How to Improve Participants Engagement at your Event

When creating event’s concept, it is very important for the organizer to place particular attention on the event’s environment because this aspect is closely related and influence the participants’ engagement – challenging task particularly for the on-line events

Escapism, or, the feeling of being there (at the place we intend to invite, bring the participant) is the part of the experience that influence the participant’s engagement with event’s content. In context of experience design, escapism is one characteristic that, if organizers dedicate particular attention during the event design phase, it will help them to improve interaction with the audience.

When addressing escapism during the meeting design, organizers need to know that this refers to event’s characteristics that will stimulate active participation during the event alongside with particular level of immersion to the event’s content. To create escapist experience as such supporting the participants to engage with the content, one should consider the following two questions:

  1. What should i encourage guests to do in order to become active participants?
  2. What could trigger, cause them to go from one sense of reality to another and how to make it happen?

Practical example

Nowadays, due to COVID – 19 pandemics, we are frequently participate at on-line events. Webinars, seminars, training where we often witnessed switched off cameras, muted microphones and blank chat box when moderator asks the audience to respond the questions or comment the subject. On this occasion, organizers could asked themselves: what could i introduce as part of the event to make these people get out of their comfort zones, sitting back at home and only passively participate in the event and turn on the camera and stay with me for an hour or so?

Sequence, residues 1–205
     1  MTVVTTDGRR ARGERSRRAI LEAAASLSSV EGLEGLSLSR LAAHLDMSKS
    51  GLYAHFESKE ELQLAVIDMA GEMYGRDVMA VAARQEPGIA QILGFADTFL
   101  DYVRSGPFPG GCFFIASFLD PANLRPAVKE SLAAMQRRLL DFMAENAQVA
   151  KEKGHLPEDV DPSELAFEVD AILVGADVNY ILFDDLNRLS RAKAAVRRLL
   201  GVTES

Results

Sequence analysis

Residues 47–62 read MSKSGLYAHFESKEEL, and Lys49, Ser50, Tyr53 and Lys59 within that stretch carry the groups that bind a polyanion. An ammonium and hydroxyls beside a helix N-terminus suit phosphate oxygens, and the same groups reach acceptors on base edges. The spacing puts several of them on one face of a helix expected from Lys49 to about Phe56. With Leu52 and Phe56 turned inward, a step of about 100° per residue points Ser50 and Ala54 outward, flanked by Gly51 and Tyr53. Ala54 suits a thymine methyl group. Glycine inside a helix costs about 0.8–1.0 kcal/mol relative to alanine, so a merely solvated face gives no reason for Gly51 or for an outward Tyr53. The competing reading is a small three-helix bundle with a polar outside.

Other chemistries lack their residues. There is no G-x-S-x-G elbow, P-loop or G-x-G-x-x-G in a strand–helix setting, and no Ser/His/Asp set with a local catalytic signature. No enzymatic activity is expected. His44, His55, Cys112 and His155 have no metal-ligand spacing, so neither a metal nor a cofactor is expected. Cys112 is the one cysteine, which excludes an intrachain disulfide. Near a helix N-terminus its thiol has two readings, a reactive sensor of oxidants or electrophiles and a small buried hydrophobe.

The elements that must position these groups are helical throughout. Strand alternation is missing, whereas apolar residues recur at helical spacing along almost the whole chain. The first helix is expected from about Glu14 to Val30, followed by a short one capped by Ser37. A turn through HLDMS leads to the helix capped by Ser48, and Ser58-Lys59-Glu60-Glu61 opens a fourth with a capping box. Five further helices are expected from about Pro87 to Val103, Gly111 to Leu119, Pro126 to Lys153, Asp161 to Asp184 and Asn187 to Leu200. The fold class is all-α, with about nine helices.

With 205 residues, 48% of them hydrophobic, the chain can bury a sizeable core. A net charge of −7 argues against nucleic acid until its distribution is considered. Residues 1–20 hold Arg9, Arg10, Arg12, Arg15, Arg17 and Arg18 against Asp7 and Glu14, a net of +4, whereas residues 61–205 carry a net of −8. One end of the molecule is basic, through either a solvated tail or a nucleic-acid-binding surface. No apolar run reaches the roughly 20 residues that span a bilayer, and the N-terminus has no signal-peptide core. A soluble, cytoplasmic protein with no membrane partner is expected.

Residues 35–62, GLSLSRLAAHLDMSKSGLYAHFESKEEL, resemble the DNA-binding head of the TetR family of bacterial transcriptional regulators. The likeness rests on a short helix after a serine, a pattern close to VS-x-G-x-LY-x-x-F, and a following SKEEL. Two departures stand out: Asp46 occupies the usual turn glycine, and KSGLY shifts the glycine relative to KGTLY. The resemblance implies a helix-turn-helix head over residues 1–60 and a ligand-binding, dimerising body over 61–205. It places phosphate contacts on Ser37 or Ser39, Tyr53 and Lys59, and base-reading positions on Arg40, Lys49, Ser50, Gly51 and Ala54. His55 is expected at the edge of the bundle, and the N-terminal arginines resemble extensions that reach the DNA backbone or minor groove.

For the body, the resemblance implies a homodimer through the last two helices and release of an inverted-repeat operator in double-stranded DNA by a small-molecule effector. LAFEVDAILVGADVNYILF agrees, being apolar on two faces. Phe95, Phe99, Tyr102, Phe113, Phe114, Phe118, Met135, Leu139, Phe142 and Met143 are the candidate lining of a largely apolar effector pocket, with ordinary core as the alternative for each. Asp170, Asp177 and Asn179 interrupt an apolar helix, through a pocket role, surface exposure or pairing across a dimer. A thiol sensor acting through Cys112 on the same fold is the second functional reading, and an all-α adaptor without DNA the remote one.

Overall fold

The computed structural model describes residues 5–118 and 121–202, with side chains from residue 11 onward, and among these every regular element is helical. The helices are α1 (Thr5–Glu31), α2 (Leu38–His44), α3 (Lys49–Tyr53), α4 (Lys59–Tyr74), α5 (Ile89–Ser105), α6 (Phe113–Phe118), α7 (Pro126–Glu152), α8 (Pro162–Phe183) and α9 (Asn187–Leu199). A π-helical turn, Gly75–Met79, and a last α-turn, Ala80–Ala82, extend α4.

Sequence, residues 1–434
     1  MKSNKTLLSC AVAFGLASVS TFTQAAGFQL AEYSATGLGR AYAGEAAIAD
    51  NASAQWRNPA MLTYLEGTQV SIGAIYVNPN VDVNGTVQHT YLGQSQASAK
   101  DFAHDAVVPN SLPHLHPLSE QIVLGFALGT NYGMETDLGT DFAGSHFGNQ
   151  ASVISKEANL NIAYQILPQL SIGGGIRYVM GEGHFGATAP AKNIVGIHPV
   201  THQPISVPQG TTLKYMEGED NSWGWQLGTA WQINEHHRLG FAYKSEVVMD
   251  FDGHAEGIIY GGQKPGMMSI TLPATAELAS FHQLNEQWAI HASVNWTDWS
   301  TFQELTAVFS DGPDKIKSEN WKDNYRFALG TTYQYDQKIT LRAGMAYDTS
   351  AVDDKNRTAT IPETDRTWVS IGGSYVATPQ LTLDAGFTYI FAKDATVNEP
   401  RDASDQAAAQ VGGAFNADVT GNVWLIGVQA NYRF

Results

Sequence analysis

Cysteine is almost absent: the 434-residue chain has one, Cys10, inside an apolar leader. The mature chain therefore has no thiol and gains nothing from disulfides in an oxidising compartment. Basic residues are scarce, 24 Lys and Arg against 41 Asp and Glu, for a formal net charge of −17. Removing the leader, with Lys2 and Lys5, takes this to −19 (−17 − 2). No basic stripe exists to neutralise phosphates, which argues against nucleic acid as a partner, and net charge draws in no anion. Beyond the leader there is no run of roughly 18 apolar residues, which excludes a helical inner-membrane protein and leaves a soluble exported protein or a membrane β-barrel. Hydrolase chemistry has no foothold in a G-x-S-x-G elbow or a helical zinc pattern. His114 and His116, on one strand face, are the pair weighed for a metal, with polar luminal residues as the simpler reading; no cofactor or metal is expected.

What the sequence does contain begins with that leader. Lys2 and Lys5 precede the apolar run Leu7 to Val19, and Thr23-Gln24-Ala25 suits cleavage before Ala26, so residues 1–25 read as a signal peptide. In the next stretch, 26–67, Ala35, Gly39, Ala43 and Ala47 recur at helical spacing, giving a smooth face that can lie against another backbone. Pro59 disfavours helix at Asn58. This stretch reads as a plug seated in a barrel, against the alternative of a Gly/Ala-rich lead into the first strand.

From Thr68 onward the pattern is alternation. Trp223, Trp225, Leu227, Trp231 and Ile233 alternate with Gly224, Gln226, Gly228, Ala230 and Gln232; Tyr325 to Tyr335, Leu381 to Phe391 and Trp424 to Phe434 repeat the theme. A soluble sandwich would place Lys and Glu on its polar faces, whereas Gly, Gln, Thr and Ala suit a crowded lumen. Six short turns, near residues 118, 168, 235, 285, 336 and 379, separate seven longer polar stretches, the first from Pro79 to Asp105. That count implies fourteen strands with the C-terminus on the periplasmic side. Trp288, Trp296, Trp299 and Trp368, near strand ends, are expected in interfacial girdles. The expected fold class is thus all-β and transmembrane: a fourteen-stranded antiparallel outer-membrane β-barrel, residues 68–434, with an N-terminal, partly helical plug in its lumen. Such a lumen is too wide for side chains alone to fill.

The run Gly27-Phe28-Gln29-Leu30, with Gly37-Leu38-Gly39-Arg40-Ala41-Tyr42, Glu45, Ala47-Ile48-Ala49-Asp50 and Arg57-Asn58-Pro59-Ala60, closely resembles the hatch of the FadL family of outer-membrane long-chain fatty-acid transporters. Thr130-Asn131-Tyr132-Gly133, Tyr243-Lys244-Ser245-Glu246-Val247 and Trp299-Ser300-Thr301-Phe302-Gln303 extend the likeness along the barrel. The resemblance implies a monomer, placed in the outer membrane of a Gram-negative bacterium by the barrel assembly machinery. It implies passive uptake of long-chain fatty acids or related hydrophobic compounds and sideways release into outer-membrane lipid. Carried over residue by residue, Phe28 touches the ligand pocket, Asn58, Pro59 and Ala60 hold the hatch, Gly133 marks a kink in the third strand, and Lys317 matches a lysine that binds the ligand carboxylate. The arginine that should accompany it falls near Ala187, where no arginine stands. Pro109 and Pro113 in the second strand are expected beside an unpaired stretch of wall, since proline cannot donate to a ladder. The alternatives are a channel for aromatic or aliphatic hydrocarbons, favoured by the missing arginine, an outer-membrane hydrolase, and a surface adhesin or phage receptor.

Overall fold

Photo by Mathew Henry from Burst

One solution is introducing a quiz – questions related with the main subject of the event as tool for encouraging guests to play and become active participants in the learning process. This format is also called gamification – when people are progressing in their learning towards the desirable goal by playing game and leveling up their progress. For the gamification to be successful, the organizers could introduce small prize or recognition as such encouraging competition among the participants. There are on-line platforms for staging on-line and hybrid events that allows introduction of gamification as part of the event’s agenda as such making the whole event more fun,engaging and attractive. Quiz-polls are also good idea for events with larger audience (more then 50 participants).

Breaks and their potential

Well design breaks are good potential for audience engagement apart of the fact that this is excellent time for them sipping their cup of coffee (or tea). Breaks can be slightly longer and organizers can introduce random networking sessions between the participants or very short yoga class for mindful breathing. Furthermore, breaks could be well used for addressing some topic which is not neccessaraly related with the event’s agenda. “Throwing-in” unrelated content could be nice intermezzo for our brains focused on learning and information during the session before. Worldwide, organizers are introducing short tutorials from professional make-up artist or free advises from professional fitness trainer in the video stream during the breaks.

Escapism is very important aspect in experience design for your next event. It determines to what extent your event’s participants will move from one context (their home sofa, office desk etc.) to the context in which you are inviting them to come (on-line session, venue etc.) and listen and engage with event.

What you are doing to encourage your event’s participants to engage with the event’s content ?